As many of you may know, I’ve had surgery back on the 2nd. Nothing serious, I was full of fibroids and wasn’t ready for a hysterectomy at 40. I don’t have any children. I always said that if it happened it would be fine and if it didn’t that would be fine too, but when faced with the finality of having my baby factory completely shut down, I sort of panicked. I’ve always done things my own way on my own terms so why would this be any different?
I can only assume that surgery was a success and things are fine at this point. Haven’t talked to the doctor about it just yet, but I feel okay. I remember going in and out of consciousness after with some strangers calling my name and then waking up a bit more when I heard someone tell me they were going to take me to my mom. Apparently, the procedure took longer than it was supposed to and she was asking about me. They told me before hand that they would wait for me to be completely awake before taking me to her, but they wheeled me out to her a bit early which is what I think woke me up more. I heard her voice.
The nurse tried a few times to put it in my hand, but I wasn’t coherent enough to figure that out. She explained that I could only use it once every 10 minutes. Ma agreed that she wouldn’t push it again and the nurse left. I can only assume I was groaning because after some amount of time, she pushed it again and kissed my forehead.
At some point, she started feeding me ice chips. I’m not entirely sure what her cue for that was. I remember thinking that my mouth was insanely dry and wishing I could have a drink, and then right away there she was with an ice chip in a spoon at my mouth. After a few chips, I was out again.
After waking up again, I figured out how hands work and was able to push my own button, just as soon as I could figure out what a button was. She helped put it in my hand. I felt around the stick with my thumb and figured it out. There was a beep, a bit of a wait, and the pain started dissipating. I saw a cup shape and tried reaching for it. Out of nowhere, Ma reaches the cup and starts feeding me more chips. She kept talking to me, asking me if that was enough, if I was in pain, if she could do anything. Just her being there was enough for me.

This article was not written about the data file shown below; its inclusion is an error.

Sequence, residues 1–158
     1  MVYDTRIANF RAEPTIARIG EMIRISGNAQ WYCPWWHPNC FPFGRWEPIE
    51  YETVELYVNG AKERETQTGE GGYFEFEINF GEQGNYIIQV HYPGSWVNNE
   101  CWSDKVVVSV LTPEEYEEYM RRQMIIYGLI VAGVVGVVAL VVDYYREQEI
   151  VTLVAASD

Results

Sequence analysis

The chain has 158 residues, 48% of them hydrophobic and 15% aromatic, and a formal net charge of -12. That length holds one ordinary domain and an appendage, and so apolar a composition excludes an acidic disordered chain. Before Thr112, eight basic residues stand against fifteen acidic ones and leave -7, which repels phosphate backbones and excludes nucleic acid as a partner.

I eventually came to and didn’t need that button anymore. Most of the pain was during the time when I didn’t know what buttons were. Ma was up from her chair within seconds every single time I shifted. She even stopped watching her soap to check on me, and as everyone knows, you don’t even talk to Ma while her stories are on.
I already knew my Ma was the sweetest, kindest, most wonderful woman on the planet, I didn’t think there was a way I could love her more, but her dedication was on a whole other level that I didn’t think possible. I was lucky enough to have extremely attentive nurses already. I feel like they were in that room 3 to 4 times an hour, but the greatest blessing that day was the loving dedication of my old, crazy Ma. I love you, Ma. Thanks for all the ice chips and for braving Wal-Mart to bring me applesauce.
YA Fantasy author and amateur photographer living in New Mexico. A reflection of herself, her characters are timid at first but tend to stand up and push through when times get tough.